links for 2010-06-12

  • Twitter dropped a bomb on real-time search proponents and social media users today in an understated, Twitter-typical “later this summer” announcement that is immensely important to the future of URL shortening and the company itself.
    The real-time platform has been routing links within Direct Messages through its own link shortening service to detect, intercept and prevent “the spread of malware, phishing, and other dangers” but they were previously wrapped with a URL. Security is helpful and all but Twitter clearly has more reasons than one to own the URL shortening space entirely.
  • One of the most-trafficked websites on the Internet is – and it has been that way for years. Never heard of them? You’re probably not alone but that won’t change the fact that they are one of the top twenty-five sites and have been that way for as long as I can remember.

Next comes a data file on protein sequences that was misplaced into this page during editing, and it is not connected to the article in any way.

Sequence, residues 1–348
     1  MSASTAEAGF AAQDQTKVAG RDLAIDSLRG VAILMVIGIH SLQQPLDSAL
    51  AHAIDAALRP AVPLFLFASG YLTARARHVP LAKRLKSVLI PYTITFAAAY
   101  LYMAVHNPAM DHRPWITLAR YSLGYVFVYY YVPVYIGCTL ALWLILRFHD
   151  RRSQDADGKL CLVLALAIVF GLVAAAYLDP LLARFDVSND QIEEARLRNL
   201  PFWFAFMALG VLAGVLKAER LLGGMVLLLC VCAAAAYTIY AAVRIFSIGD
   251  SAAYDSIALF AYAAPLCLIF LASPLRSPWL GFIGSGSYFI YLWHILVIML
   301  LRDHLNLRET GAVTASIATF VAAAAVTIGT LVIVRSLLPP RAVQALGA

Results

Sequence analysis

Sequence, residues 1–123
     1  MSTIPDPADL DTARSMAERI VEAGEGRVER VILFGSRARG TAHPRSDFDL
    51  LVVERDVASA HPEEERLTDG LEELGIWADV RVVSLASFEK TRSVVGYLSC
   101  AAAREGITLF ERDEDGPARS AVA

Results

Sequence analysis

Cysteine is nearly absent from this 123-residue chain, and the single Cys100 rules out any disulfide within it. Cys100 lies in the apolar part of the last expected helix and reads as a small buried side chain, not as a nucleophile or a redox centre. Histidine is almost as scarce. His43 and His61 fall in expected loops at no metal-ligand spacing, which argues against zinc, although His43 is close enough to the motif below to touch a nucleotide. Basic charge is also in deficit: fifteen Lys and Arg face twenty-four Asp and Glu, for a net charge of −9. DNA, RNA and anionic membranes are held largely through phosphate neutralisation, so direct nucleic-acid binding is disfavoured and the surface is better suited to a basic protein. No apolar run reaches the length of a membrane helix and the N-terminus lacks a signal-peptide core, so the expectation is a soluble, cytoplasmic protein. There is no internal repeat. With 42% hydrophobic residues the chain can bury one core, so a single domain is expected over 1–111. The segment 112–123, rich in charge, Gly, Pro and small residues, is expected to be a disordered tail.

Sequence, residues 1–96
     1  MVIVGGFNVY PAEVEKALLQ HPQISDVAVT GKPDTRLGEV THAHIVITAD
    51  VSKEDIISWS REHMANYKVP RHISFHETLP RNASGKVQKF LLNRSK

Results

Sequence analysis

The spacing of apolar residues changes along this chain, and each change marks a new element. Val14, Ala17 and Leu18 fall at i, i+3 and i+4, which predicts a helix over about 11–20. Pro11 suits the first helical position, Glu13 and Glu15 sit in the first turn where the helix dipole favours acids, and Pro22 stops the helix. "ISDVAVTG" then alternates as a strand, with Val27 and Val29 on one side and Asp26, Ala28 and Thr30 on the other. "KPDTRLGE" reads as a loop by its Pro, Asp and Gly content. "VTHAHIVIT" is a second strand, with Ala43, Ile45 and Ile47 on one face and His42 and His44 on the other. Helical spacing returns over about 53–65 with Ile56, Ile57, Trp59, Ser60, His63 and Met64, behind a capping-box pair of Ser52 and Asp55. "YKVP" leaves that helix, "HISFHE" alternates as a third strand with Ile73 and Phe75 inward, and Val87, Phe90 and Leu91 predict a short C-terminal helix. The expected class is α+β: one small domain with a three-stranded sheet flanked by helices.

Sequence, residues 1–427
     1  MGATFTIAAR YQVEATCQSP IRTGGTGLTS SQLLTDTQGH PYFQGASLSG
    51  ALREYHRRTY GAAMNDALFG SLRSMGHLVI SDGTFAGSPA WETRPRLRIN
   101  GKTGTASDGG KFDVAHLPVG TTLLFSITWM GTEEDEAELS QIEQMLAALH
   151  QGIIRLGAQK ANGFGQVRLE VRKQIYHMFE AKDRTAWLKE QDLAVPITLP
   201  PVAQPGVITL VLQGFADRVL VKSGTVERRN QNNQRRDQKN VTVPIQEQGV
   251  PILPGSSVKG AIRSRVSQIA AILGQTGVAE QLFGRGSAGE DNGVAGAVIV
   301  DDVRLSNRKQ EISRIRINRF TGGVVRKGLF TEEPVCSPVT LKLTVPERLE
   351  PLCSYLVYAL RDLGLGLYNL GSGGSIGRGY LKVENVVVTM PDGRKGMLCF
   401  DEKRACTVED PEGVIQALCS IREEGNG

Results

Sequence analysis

myYearbook just announced the availability of its first iPhone application, myYearbook Chatter. The core of the app is a real-time location-based stream of, you guessed it, chatter from the sites users. By taking advantage of the iPhone’s GPS capabilities, the app displays posts of members who share similar locations in its “Near Me” tab. Users also have the choice to filter Chatter streams by: everyone on myYearbook, people near to them or only their friends.
    (tags: myyearbook)

  • People can change the volume, the location and the composition of their income, and they can do so in response to changes in government policies.
    It shouldn’t surprise anyone that the nine states without an income tax are growing far faster and attracting more people than are the nine states with the highest income tax rates. People and businesses change the location of income based on incentives.
    Likewise, who is gobsmacked when they are told that the two wealthiest Americans—Bill Gates and Warren Buffett—hold the bulk of their wealth in the nontaxed form of unrealized capital gains? The composition of wealth also responds to incentives. And it’s also simple enough for most people to understand that if the government taxes people who work and pays people not to work, fewer people will work. Incentives matter.

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